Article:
Mississippi State University's Gender Studies Program will host its sixth annual Feminist Film Festival at 6 p.m. from Nov. 4-7 in the Turner A. Wingo Auditorium in Old Main.
Kimberly Kelly, a professor in the Gender Studies Program, said this event will show four commercial films, all thematically surrounding feminism.
"The idea is to help students become more critical consumers of media they've already consumed," Kelly said.
Kelly said some issues which are prominent in the films are related to themes of gender, sexuality and racial inequality.
Melanie Walsh, a Gender Studies Program graduate assistant, said there is a theme including these issues set aside for each night.
Every night through Nov. 4-7, the program will show one movie, with a panel and questions following it. These movies are specifically set to be thought-provoking in different ways.
This year's line up includes "Que Sea Ley", "Bessie", "Stonewall Uprising", and "Booksmart". Walsh states that "Que Sea Ley" was brought in to highlight international issues, "Bessie" highlights issues with people of color, the "Stonewall Uprising" sheds light on LGBTQ issues, and Thursday's blockbuster movie is "Booksmart".
"Our Thursday night film is usually a recent blockbuster or one that got a lot of awards and will draw a lot of students in," Walsh said.Walsh noted the way the movies were chosen was through the gender studies faculty members.
"We just threw them out on the table and started with a list of 15 and talked about the themes and what would be appropriate for what night," Walsh said.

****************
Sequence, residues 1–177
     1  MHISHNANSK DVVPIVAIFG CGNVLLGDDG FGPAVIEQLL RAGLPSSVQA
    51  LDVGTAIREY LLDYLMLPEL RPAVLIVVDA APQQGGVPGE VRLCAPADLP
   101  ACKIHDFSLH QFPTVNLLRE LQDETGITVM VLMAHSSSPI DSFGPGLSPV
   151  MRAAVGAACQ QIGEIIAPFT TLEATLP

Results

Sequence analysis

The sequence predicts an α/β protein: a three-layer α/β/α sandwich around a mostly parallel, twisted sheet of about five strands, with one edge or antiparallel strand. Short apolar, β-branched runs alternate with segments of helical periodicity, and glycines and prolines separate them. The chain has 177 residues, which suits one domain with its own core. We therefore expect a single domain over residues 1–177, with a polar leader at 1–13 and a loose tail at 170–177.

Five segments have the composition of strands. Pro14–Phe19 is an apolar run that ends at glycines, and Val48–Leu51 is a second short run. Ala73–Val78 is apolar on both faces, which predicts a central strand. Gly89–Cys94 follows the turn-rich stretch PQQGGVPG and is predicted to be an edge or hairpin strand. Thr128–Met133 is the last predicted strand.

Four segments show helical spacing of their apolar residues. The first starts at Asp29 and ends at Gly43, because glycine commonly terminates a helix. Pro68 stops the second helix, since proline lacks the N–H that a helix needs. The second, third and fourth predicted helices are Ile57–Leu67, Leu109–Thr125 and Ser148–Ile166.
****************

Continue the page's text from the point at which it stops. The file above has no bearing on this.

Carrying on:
Kelly noted an important role to make this film festival happen is to make sure panelists are booked.
"The real contribution is that after the film I have two gender studies faculty affiliates for a 3-5 minute commentary on the film based on their expertise," Kelly said.
After doing this, the panel opens the floor up to questions for the students at the event.
Walsh said the panelists consist of gender studies scholars, who play an important role in engaging the students.
Walsh agreed with Kelly regarding critical consumption as a goal of the event.
"One of the biggest goals of the film festival is to have students engage in these products more critically and think about the underlying messages behind them that they might not think about when they mindlessly watch a piece of media," said Walsh.
Margaret Hagerman, an assistant professor of sociology and a panelist for this year's festival, said she believes this festival can bring the MSU community together in an impactful way.
"I decided to participate because I think the Feminist Film Fest is a powerful way to bring the Mississippi State community together to collectively analyze films from a critical, feminist perspective and to think about the messages, taken-for-granted assumptions and ideas about inequality that films either reproduce or disrupt," said Hagerman.
The Gender Studies Program encourages anyone who is interested to come to watch the films and stay after the showings for the post-show panel discussion.